How baby milestones made me lose my confidence as a mom

When my daughter was diagnosed with failure to thrive, the only failure I saw was me.

Photo: iStockphoto

My daughter, Iris, didn’t grow—well, at least not in the way she was “supposed” to. After her March birth date, she didn’t bloom in summer, like her name suggested. I took photos of her on a white shag blanket every month like any Instagram mom, but I never shared them because she looked like the same baby, frozen in time from one month to the next.

Babies don’t come with a manual, but they do come with a formula—a data set for success. It’s a path marked by numbers—milestone weeks, pounds and ounces of milk—that measure the way to a healthy childhood. It’s the parents’ job to make sure that there aren’t any obstacles on this path to a successful future. When my infant was diagnosed with “failure to thrive,” I felt like the failure was mine alone. I hadn’t done enough to get my baby, who was unable to fend for herself, along the healthy path of success. And this is when I began to see numbers as a reflection of my failure.

I’ve never been sure about my decisions as a mother. I’m envious of those mama bears who growl with such confidence on behalf of their children. I’m more of a waffler, hoping that I’m doing the right thing and acutely aware that so much is out of my control.

When Iris was born, she breastfed easily and we were able to take her home. But after seven days, she hadn’t reached her birth weight like she was supposed to. She hadn’t gained half an ounce a day by her one-month wellness check-up. The paediatrician told me to stop eating salads because the fresh veggies might be altering my breastmilk and instructed me to breastfeed more often. Pump-feed-pump-feed-pump-feed was the cadence I lived by. Still, she stayed the same.

At four months old, she had only gained two pounds of an expected four to eight pounds and was officially diagnosed with “failure to thrive.” A new paediatrician listened to my concerns and to her heart. “I know exactly why Iris isn’t gaining weight,” she said. “It’s not your breastmilk; it’s her heart.”

The author with her twin boyst My 17-month-old twins still aren’t walking—go ahead and judge She let me listen to her heart, less a beat than the thrum of a washing machine, and referred us to a cardiologist. A few hours later, I stood with my husband in the cardiologist’s examination room while he explained that our daughter’s heart was massively enlarged. A hole allowed blood to flow back into the chamber and cause swelling. She needed an operation to plug the hole, which they scheduled for the next morning.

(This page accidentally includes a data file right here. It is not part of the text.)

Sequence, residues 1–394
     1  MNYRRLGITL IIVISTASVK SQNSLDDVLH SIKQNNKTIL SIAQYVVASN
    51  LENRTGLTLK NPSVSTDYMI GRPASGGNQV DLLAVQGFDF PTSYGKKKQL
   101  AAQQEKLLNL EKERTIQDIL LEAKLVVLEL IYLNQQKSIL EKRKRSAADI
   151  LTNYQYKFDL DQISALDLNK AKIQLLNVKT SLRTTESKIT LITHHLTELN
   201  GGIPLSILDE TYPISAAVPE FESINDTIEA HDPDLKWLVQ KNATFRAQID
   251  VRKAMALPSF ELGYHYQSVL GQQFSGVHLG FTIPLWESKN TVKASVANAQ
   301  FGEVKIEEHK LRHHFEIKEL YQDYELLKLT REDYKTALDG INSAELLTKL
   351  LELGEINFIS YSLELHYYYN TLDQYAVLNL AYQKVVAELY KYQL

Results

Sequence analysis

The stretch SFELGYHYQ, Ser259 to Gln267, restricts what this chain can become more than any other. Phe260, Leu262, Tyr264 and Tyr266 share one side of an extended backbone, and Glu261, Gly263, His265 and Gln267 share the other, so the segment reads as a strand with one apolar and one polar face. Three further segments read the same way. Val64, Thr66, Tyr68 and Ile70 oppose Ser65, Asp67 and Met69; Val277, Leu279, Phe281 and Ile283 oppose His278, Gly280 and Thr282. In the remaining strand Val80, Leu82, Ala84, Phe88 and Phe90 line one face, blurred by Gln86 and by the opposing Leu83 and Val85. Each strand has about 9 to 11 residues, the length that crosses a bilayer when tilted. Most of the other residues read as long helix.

When I handed Iris to the operating doctor, I was plagued with questions: Wasn’t I supposed to have this supermom sixth sense that should have caught this sooner? Was something wrong with me?

After the operation, I thought that, if I followed the rules the doctors gave us, Iris would finally bloom into who she was always supposed to be. I measured out her medicine and spent all of my downtime pumping milk, supplementing each one with a scoop of formula. I weighed her in the morning and at night, after every meal and poop.

The more I obsessed over the numbers, the more I devalued myself as a mother. I had to hit those marks, knowing my instinct had failed me, and the person who suffered most was Iris. I hoped my calculations would make up for what I lacked. She did not improve.

At six months,  no crawling. At 12 months, no walking. At 18 months, no talking. Even her teeth grew in late. And precious days were wasted stressing over those numbers.

Fast-forward to today and, now, Iris is a happy two-year-old. She reached those milestones in her own time. Eventually, I put the scale away because knowing that a poop is three ounces doesn’t improve anything. I still measure her heart medication dutifully and make sure that she eats and drinks enough. I focus on just being her mom, in any and every state, under any and all measurements.

I’ve learned that data doesn’t measure how loud she squeals when she kicks a ball, how she gets lost in laughter at the mouse in If You Give a Mouse a Cookie or how she spends half an hour making funny faces in the mirror. By the numbers, she is still failing to thrive, but my job is to make sure that failure is as fun as possible and remind her how ferocious she is to keep laughing, even though the tallied count is in the negative. If failure is where we’re at, then we’re in it together and it will be fantastic while we live here. We will thrive in failure.

Read more:
Is it possible for a child to grow too fast?
Does your kid really need to go to the doctor every year?

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